We’ve all been there. Leafing through a magazine, or on the subway, glancing up at the billboards, and then a moment of painful awareness as our eyes meet those of a starving child. Limbs grotesquely proportioned, belly distended, the image is accompanied by a request for help. For some small sum of money you too can save a life. Again you see the image… and reach for your phone. You text CHILD or SAVE or LIFE to the relevant organization. Then, conscience temporarily assuaged, you encounter a sinking feeling as you remember you’ve seen this before. How exactly will your donation help the child? What purpose do these images really serve?
This is the fourteenth in our series of posts by students on the job market this year.
People are afraid of HIV. Moreover, people around the world are convinced that the virus is easier to get than it actually is. The median person thinks that if you have unprotected sex with an HIV-positive person a single time, you will get HIV for sure. The truth is that it’s not nearly that easy to get HIV – the medical literature estimates that the transmission rate is actually about 0.1% per sex act, or 10% per year.
Ten years after the World Development Report 2004, the ODI’s Marta Foresti reflects on the past decade and implications for the future
Why do so many countries still fail to deliver adequate services to their citizens? And why does this problem persist even in countries with rapid economic growth and relatively robust institutions or policies?
This was the problem addressed by the World Bank’s ground-breaking 2004 World Development Report (WDR) Making Services Work for Poor People. At its core was the recognition that politics and accountability are vital to improve services and that aid donors ignore this at their peril. Ten years on, these issues are still at the heart of the development agenda, as discussed at the anniversary conference organised jointly by ODI and the World Bank in late February.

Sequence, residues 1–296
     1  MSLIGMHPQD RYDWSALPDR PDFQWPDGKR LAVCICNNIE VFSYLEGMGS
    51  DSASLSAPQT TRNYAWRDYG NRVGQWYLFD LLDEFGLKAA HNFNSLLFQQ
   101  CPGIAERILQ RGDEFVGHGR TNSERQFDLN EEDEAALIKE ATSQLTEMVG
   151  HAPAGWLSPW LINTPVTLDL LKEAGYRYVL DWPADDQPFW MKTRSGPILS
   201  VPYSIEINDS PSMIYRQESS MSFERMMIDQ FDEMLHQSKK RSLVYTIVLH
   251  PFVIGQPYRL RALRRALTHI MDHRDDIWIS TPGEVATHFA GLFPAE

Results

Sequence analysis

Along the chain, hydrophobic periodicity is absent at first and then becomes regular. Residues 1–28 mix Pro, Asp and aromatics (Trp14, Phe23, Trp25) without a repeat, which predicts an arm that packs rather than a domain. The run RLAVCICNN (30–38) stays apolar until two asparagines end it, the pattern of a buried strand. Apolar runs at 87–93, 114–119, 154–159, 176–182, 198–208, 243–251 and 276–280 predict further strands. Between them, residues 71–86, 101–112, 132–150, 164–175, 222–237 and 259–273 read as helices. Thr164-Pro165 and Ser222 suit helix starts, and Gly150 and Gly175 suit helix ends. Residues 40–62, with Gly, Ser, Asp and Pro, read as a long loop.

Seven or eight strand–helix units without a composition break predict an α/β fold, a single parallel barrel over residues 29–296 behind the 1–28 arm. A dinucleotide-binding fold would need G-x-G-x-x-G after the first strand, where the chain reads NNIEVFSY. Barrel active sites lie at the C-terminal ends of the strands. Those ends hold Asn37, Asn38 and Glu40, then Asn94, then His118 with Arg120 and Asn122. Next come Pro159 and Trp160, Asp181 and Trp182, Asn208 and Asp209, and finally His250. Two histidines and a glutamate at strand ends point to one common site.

As much as this was a moment to celebrate the influence of the WDR 2004 on a decade of development thinking and practice, it also highlighted just how far we have to go before every citizen around the world has access to good quality basic services such as education, health, water and electricity.
One of the things I find endlessly fascinating about human beings is the gap between our avowed values and our behavior when we come under pressure. I have come to believe that your values are the ones that shape your conduct when you are dealing with a tough, high pressure situation or a life crisis, not the values you spout when you are showing off at the dinner table. Pieties are all too easy. What do you do when the going gets tough? What values truly underpin your conduct? I notice this most often when people claim to be profoundly devout, and they want you to know it. They claim an aura of sanctity. I have learned not to argue with them. I wait until they have to deal with complexity and then see what they do. You’d be amazed what some of these people get up to. More often than not, piety flies out of the window.
Look around you today. We are all supposed to be democrats these days. We love openness, inclusiveness, and transparency— everybody counts, every voice matters. But what do we do when the going gets tough? Let’s reflect on a few current situations around the world.
There seems to be a growing consensus among experts in different fields that in today’s highly interdependent world, effective collaboration has become crucial for achieving results.
As part of the World Bank's Internal Justice System Week a few days ago, we attended a presentation by Dr. Peter Coleman, Director of the International Center for Cooperation and Conflict Resolution at Columbia University and heir of an illustrious research tradition in social-psychology going back almost a hundred years. Dr. Coleman is part of an inter-disciplinary team of global experts that also includes mathematicians, astrophysicists, anthropologists and computer modeling experts in a quest to answer the following question: what are the conditions that support or hinder collaboration in social relations?